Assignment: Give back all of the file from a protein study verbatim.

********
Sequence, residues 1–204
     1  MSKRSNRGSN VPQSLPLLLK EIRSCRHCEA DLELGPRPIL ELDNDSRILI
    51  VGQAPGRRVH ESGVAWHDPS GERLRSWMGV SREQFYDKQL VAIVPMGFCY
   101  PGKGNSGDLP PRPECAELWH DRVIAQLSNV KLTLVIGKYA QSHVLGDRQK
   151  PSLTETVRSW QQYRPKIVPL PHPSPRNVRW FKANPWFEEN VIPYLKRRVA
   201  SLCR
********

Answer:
Sequence, residues 1–204
     1  MSKRSNRGSN VPQSLPLLLK EIRSCRHCEA DLELGPRPIL ELDNDSRILI
    51  VGQAPGRRVH ESGVAWHDPS GERLRSWMGV SREQFYDKQL VAIVPMGFCY
   101  PGKGNSGDLP PRPECAELWH DRVIAQLSNV KLTLVIGKYA QSHVLGDRQK
   151  PSLTETVRSW QQYRPKIVPL PHPSPRNVRW FKANPWFEEN VIPYLKRRVA
   201  SLCR